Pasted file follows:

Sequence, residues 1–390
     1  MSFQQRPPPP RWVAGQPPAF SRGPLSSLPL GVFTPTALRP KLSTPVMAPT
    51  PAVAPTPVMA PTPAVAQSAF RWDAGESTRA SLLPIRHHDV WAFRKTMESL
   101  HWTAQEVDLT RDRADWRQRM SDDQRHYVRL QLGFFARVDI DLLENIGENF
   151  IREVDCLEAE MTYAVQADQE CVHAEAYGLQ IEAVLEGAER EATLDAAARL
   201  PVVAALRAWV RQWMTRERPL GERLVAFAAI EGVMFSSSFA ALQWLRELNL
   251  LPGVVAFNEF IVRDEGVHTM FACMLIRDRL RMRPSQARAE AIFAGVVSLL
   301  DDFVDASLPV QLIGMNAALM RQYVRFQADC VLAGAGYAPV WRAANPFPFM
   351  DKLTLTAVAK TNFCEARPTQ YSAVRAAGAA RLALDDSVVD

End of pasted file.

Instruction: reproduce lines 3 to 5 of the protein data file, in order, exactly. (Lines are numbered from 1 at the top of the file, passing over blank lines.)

    51  PAVAPTPVMA PTPAVAQSAF RWDAGESTRA SLLPIRHHDV WAFRKTMESL
   101  HWTAQEVDLT RDRADWRQRM SDDQRHYVRL QLGFFARVDI DLLENIGENF
   151  IREVDCLEAE MTYAVQADQE CVHAEAYGLQ IEAVLEGAER EATLDAAARL